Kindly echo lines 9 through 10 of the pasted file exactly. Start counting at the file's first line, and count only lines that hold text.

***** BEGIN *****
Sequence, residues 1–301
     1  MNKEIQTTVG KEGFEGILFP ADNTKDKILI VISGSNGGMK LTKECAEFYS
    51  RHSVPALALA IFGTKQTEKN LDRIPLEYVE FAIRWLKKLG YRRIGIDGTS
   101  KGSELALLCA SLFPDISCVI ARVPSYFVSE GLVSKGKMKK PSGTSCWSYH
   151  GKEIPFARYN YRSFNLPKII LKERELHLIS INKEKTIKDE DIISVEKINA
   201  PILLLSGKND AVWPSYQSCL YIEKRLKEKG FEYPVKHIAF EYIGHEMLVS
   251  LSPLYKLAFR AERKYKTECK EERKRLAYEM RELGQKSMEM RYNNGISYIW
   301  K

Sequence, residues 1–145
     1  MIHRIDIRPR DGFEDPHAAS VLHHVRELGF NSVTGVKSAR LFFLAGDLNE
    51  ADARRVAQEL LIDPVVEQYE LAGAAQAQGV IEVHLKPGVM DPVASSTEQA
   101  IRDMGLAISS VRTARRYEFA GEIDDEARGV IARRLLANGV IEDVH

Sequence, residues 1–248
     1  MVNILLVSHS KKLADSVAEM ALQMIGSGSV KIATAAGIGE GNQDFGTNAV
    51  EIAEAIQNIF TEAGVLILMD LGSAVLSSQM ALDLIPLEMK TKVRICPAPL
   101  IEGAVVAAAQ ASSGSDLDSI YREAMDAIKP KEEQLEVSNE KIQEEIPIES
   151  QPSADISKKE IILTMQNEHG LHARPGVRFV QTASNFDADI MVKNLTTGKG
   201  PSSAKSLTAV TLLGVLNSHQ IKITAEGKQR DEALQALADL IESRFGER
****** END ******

Sequence, residues 1–145
     1  MIHRIDIRPR DGFEDPHAAS VLHHVRELGF NSVTGVKSAR LFFLAGDLNE